Background: Scan quality can have a significant effect on the diagnostic performance of non-invasive imaging techniques. However, the extent of its influence has scarcely been investigated in a head-to-head manner. Methods: Two-hundred and eight patients underwent CCTA, SPECT, and PET prior to invasive fractional flow reserve measurements. Scan quality was classified as either good, moderate, or poor. Results: Distribution of good, moderate, and poor quality scans was; CCTA; 66%, 22%, 13%; SPECT; 52%, 38%, 9%; PET; 86%, 13%, 1%. Good quality CCTA scans possessed a higher specificity (75% vs. 31%, p = 0.001), positive predictive value (PPV, 71% vs. 51%, p = 0.050), and accuracy (80% vs. 60%, p = 0.009) compared to moderate quality scans, while sensitivity (94%) and negative predictive value (NPV, 88%) were similar to moderate and poor quality scans. Sensitivity (76%), NPV (84%), and accuracy (85%) of good quality SPECT scans was superior to those of moderate (41% p = 0.001, 56% p = 0.010, 70% p = 0.010) and poor quality (30% p = 0.003, 65% p = 0.069, 63% p = 0.038). Specificity (92%) and PPV (87%) of good quality SPECT scans did not differ from scans of diminished quality. Good quality PET scans exhibited high sensitivity (84%), specificity (86%), NPV (88%), PPV (81%) and accuracy (85%), which was comparable to scans of lesser quality. Good quality CCTA, SPECT, and PET scans demonstrated a similar diagnostic accuracy (p = 0.247). Conclusion: Diagnostic performance of CCTA, and SPECT is hampered by scan quality, while the diagnostic value of PET is not affected. Good quality CCTA, SPECT, and PET scans possess a high diagnostic accuracy.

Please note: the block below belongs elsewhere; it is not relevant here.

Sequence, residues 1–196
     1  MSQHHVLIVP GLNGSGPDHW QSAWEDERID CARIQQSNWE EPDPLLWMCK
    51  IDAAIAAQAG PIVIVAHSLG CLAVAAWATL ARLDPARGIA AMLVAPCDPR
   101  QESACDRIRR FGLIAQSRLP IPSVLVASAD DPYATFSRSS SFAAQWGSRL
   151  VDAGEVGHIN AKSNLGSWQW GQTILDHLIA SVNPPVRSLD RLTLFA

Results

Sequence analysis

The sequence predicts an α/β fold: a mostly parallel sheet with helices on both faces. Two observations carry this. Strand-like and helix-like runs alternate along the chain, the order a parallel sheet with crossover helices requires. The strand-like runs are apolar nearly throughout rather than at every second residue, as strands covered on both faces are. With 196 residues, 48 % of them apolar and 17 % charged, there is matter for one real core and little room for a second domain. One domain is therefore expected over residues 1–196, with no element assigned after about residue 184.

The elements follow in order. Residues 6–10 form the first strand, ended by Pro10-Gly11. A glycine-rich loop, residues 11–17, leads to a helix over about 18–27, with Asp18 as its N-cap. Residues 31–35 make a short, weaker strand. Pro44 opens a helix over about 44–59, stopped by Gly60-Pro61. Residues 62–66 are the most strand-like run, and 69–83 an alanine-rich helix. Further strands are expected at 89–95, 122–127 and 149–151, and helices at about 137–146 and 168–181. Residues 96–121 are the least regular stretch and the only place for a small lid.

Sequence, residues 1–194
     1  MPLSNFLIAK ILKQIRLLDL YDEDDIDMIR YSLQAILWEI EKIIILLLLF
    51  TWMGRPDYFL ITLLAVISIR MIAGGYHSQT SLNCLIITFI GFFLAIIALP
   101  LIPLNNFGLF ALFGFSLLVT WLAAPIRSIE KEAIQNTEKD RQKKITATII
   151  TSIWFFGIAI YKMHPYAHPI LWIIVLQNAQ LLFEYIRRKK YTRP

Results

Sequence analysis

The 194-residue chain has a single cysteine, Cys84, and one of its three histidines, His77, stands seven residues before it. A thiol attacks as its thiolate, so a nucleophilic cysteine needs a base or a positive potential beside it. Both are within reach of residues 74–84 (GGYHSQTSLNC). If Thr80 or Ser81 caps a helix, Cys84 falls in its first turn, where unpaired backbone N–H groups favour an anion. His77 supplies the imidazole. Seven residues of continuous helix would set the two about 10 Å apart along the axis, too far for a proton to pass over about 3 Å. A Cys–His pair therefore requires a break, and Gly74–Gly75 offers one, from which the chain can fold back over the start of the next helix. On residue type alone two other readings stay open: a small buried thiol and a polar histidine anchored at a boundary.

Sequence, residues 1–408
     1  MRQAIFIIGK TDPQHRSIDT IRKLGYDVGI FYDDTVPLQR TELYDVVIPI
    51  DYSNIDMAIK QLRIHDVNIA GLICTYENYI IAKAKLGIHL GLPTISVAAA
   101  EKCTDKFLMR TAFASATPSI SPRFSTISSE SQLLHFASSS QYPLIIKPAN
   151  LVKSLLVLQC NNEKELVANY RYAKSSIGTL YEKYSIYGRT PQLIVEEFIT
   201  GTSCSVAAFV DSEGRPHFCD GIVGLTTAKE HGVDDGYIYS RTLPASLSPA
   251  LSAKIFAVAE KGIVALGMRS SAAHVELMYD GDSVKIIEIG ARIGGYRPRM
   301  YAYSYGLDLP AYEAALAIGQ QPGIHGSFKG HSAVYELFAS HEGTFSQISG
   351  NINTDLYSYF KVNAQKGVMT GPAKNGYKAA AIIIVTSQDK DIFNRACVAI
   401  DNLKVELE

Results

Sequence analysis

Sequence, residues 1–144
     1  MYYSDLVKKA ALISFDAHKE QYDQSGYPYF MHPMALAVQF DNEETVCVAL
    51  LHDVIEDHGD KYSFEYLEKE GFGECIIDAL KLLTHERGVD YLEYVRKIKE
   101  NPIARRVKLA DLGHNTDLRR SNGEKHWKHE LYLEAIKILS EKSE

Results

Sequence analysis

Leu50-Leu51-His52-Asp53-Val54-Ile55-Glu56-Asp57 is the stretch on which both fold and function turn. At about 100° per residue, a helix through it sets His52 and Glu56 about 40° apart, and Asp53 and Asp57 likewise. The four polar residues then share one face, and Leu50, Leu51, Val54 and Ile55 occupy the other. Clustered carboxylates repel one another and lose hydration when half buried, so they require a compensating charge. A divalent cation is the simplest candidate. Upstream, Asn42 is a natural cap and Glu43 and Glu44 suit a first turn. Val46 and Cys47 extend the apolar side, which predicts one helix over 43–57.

- Coronary artery disease
- Coronary computed tomography angiography
- Fractional flow reserve
- Positron emission tomography
- Single photon emission computed tomography